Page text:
Anterior Cruciate Ligament Injury Clinical Presentation

Updated: Feb 26, 2021
  • Author: Matthew Gammons, MD; Chief Editor: Sherwin SW Ho, MD  more...
  • Print


Most ACL injuries may be diagnosed through a careful history emphasizing mechanism of injury coupled with a good physical examination. Remember that a previous ligamentous injury may be the cause of instability. When discussing the history, be sure to document mechanism of injury for this episode and any previous episodes.

Noncontact injury

An audible pop often accompanies this injury, which often occurs while changing direction, cutting, or landing from a jump (usually a hyperextension/pivot combination). Within a few hours, a large hemarthrosis develops.

Patients usually are unable to return to play, secondary to pain, swelling, and instability or giving way of the knee.

Contact and high-energy traumatic injuries

These injuries often are associated with other ligamentous and meniscal injuries. The classic "terrible triad" (ACL, MCL, and medial meniscus tears) involves a valgus stress to the knee with resultant acute injury to the ACL and MCL; however, the medial meniscus tear is now thought to occur later, as a result of chronic ACL deficiency.


Physical Examination

An organized, systematic physical examination is imperative when examining any joint. The Dutch Orthopaedic Association clinical guidelines for the treatment of ACL injury recommend the Lachman test, pivot shift test, and anterior drawer test for diagnosis. [18]  Note that a study found the sensitivity of these tests is lower in obese patients (body mass index of ≥30) than in those who are not obese. [19]

Immediately after the acute injury, the physical examination may be very limited due to apprehension and guarding by the patient.

The examiner should begin with inspection, looking for any gross effusion or bony abnormality. An immediate effusion indicates significant intra-articular trauma. According to Noyes et al, in the absence of bony trauma, an immediate effusion is believed to have a 72% correlation with an ACL injury of some degree.

Assess the patient's range of motion (ROM), especially looking for lack of complete extension, secondary to a possible bucket-handle meniscus tear or associated loose fragment.

Palpation of bony structures may suggest an associated tibial plateau fracture.

Palpation of the joint lines to evaluate a possible associated meniscus tear. Palpation over the collateral ligaments to suggest any possible injury (sprain) of these structures. Up to 50% of ACL ruptures have associated meniscal injuries; acute injuries are likely to have associated injuries of the MCL and meniscus.

Ligamentous laxity may be difficult to detect in the acute situation. The Lachman test, as shown in the image below, is the most sensitive test for acute ACL rupture. Since the Lachman test must be performed when the patient is relaxed, it is often better to conduct this test prior to manipulating the painful knee.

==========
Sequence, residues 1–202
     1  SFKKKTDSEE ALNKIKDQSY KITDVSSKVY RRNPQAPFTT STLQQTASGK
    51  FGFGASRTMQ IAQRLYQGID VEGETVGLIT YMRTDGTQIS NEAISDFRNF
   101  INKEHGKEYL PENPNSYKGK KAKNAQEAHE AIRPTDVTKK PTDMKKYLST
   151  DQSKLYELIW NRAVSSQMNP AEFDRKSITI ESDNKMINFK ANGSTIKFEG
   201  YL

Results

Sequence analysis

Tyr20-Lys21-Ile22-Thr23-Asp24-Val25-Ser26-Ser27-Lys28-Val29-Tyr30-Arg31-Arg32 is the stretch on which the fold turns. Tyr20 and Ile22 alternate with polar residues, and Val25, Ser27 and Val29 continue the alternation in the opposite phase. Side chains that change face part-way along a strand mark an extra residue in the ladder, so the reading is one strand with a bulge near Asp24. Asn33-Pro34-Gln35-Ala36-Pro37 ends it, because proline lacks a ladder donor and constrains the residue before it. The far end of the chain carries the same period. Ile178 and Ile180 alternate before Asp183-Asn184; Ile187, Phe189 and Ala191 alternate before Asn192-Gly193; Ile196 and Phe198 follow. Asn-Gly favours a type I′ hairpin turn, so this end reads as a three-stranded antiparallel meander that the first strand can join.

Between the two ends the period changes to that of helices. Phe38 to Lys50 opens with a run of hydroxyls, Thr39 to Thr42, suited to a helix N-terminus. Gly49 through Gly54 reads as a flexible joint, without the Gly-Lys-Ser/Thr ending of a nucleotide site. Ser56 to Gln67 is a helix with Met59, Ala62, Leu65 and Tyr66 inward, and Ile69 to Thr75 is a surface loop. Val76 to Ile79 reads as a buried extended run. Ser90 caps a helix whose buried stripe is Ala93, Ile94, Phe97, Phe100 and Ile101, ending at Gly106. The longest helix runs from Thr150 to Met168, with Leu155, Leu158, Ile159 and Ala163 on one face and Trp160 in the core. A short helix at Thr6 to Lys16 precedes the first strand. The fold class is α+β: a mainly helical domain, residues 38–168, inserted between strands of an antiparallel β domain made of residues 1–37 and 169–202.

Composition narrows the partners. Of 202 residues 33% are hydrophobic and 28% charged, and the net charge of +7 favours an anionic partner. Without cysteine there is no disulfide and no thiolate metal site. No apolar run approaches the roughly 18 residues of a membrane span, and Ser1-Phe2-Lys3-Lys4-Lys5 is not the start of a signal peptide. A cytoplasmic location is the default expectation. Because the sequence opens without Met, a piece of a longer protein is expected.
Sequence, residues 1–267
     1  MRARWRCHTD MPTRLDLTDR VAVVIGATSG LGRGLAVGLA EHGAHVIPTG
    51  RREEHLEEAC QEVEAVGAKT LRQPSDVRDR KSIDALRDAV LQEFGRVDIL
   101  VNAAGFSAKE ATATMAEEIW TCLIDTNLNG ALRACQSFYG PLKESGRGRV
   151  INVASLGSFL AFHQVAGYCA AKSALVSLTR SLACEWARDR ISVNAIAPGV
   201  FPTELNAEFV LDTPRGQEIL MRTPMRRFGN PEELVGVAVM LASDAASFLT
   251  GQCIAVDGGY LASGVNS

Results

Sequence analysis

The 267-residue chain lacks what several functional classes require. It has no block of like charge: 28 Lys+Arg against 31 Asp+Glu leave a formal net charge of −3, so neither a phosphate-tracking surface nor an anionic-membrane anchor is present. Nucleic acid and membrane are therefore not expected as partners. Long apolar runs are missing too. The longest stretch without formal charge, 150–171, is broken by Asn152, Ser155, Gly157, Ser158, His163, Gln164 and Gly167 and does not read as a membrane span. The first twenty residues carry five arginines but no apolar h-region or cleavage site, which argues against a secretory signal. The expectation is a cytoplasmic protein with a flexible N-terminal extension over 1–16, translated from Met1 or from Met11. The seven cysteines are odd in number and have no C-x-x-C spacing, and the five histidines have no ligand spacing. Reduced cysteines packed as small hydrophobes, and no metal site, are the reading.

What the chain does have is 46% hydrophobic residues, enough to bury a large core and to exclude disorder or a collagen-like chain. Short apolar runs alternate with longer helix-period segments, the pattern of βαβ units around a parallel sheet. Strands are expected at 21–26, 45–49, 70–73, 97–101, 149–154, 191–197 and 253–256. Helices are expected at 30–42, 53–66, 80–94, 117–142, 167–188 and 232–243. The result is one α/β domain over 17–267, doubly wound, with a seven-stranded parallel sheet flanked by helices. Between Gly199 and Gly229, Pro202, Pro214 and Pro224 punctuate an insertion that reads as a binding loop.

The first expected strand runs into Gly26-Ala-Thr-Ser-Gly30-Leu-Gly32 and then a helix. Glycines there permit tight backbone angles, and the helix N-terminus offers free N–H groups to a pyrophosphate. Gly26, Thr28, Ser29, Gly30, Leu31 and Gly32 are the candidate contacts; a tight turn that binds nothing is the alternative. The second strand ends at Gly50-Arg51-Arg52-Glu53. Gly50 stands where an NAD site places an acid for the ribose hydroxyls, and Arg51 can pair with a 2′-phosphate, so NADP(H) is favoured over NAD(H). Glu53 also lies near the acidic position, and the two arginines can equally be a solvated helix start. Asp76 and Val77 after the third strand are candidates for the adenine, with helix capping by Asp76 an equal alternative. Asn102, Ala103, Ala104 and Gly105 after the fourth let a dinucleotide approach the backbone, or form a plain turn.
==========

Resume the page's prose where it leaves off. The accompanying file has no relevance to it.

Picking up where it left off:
Proper technique for the Lachman test. Proper technique for the Lachman test.

The knee is placed in a position of 20-30° of flexion. The femur is stabilized with a nondominant hand, and an anteriorly directed force is applied to the proximal calf.

The amount of displacement (in mm) and the quality of endpoint are assessed (eg, firm, marginal, soft). Asymmetry in side-to-side laxity or a soft endpoint is indicative of an ACL tear. Although difficult to measure, a side-to-side difference of greater than 3 mm is considered abnormal.

Other ligamentous tests are less reliable especially for primary care providers who may not have as much experience in using these maneuvers. The pivot shift test, as shown in the image below, is performed by extending an ACL-deficient knee, which results in a small amount of anterior translation of the tibia in relation to the femur. During flexion, the translation reduces, resulting in the "shifting or pivoting" of the tibia into its proper alignment on the femur.

The pivot shift test. The pivot shift test.

The pivot shift test is performed with the leg extended, the foot in internal rotation, and a valgus stress is applied to the tibia. Flexion causes a reduction of the anteriorly subluxed tibia at approximately 20-30°.

The anterior drawer test, as shown in the image below, may be influenced by hamstring spasm in the acutely injured knee; thus, this test is considered the least reliable.

Anterior drawer test: Note the anterior excursion Anterior drawer test: Note the anterior excursion of the tibia in relationship to the femur.

This test is performed with the patient supine and the knee flexed to 90°. The examiner can sit on the patient's foot and grasp around the patient's calf with both hands. An anterior force is applied, and tibial excursion is compared to the unaffected knee.